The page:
His office was part of the storeroom of his small store (complete with old-fashioned soda fountain), and we got married surrounded by jars of ketchup, mustard and mayonnaise. Romeo was so nervous he read the entire ceremony, and I mean the entire ceremony – including our responses. Neither Vicki nor I said anything about promising to do this or that. (Perhaps this explains why she’s never been good at obeying me.) At the end, though, we each signed the marriage license and we were officially hitched.

There was lots more to our adventures that day. At our “wedding picnic”, we had a shotgun pulled on us as we sat under some trees overlooking Lake Champlain. Seems we were trespassing and the farmer’s wife took exception to that. Yusuf, being Turkish and knowing what would make it all better, went over to her. A quiet conversation ensued, some money changed hands, and we were then welcome to use our picnic spot for the rest of the afternoon. So you can say Vicki and I had a shotgun wedding, can’t you?

So now you have the background. Today, we’re having a garden party in our backyard to celebrate our 40 years. The weather is going to be lovely and Vicki has the gardens looking magnificent. Everyone invited is bringing something for the meal. We’re supplying the meat: 2 smoked chickens and a home-cured and smoked ham. And that’s what I’m writing about today: how easy and delicious a home-cured ham is.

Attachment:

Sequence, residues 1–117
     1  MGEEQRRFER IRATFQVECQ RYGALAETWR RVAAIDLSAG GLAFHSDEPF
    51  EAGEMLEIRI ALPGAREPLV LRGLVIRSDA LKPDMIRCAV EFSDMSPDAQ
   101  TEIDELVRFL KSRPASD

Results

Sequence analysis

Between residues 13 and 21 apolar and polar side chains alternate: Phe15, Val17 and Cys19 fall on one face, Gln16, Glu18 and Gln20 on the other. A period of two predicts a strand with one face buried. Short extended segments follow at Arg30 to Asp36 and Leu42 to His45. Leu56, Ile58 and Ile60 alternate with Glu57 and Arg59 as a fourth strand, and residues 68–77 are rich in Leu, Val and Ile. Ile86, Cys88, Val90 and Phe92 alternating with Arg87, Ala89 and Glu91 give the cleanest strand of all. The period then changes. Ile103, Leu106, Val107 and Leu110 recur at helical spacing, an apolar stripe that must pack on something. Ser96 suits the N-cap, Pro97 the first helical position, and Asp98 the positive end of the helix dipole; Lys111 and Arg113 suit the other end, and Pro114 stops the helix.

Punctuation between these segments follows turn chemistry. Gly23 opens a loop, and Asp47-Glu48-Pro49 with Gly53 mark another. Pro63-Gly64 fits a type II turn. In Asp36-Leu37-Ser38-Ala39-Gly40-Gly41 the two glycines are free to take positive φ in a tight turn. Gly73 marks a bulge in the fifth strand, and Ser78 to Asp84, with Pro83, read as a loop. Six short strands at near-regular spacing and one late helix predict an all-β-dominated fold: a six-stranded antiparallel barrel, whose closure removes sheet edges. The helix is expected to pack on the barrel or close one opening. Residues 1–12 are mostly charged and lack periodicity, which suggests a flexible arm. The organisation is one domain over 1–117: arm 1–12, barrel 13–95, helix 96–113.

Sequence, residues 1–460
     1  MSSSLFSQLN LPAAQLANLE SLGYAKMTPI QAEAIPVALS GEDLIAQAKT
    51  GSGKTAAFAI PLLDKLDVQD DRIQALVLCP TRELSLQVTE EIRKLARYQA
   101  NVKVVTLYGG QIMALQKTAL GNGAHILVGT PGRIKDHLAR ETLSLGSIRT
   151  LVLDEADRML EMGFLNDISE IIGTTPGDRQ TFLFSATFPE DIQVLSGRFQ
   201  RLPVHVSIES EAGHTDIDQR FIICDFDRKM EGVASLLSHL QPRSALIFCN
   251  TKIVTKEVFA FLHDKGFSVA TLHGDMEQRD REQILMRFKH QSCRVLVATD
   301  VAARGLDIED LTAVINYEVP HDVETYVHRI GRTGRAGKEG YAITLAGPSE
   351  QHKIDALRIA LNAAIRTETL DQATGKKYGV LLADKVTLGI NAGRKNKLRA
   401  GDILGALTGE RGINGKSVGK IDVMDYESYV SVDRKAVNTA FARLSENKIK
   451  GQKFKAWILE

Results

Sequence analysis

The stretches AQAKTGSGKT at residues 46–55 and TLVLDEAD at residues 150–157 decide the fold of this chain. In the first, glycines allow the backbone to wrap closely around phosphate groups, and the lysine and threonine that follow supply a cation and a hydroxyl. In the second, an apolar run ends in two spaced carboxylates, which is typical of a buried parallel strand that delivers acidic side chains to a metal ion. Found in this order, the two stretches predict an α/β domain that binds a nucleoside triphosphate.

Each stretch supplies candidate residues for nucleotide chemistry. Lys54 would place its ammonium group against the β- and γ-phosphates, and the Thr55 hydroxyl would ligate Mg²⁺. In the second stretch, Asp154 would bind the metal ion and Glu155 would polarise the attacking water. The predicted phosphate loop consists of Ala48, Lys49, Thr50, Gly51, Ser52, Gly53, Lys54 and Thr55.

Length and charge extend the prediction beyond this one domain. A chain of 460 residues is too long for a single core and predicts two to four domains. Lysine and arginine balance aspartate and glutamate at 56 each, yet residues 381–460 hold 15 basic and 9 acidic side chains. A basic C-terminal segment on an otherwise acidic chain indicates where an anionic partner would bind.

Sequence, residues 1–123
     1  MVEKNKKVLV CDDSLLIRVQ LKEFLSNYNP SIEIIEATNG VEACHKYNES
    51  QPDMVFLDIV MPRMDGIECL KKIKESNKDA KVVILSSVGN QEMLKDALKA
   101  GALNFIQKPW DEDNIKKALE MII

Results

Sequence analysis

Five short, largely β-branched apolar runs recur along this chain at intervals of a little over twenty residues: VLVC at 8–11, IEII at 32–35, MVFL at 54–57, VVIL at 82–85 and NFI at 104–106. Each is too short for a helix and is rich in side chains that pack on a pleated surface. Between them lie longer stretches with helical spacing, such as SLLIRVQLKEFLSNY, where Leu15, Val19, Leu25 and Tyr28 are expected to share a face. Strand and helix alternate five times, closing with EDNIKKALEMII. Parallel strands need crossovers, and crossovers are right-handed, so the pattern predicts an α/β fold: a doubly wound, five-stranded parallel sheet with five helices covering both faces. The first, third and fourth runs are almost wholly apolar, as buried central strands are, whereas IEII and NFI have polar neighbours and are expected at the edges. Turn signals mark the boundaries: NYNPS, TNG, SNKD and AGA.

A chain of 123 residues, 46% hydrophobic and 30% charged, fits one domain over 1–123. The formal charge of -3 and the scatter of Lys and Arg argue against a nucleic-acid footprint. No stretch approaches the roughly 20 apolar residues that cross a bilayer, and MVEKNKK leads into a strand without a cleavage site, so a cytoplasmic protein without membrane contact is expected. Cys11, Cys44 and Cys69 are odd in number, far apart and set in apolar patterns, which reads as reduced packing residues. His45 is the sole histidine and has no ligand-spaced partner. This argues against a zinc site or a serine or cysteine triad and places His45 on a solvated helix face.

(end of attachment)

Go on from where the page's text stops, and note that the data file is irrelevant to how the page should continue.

Since I didn’t ask Nick Gasparro, our butcher, early enough, we had to buy part of a pork shoulder for this enterprise instead of part of a leg. It’s 9 pounds, has a bit of fat on one side and is a primo piece of pork.

Ready to be sliced and served. Boy, that was easy!
Curing it was simplicity itself. I made the brine, cooled it down and in went the pork for about 80 hours in the fridge. What came out was a beautiful, firm ham. At this point, it only needed to be heated to around 150° and it would be ready to eat. Of course, that wouldn’t do, so yesterday Karel and I hot-smoked it yesterday. I had used star anise, whole allspice, lemon, and red peppercorns to flavor the brine and they added their distinctive and lovely fragrances to the finished ham. Around the middle of the smoking, I glazed it all over with a mixture of dark brown sugar and Dijon mustard.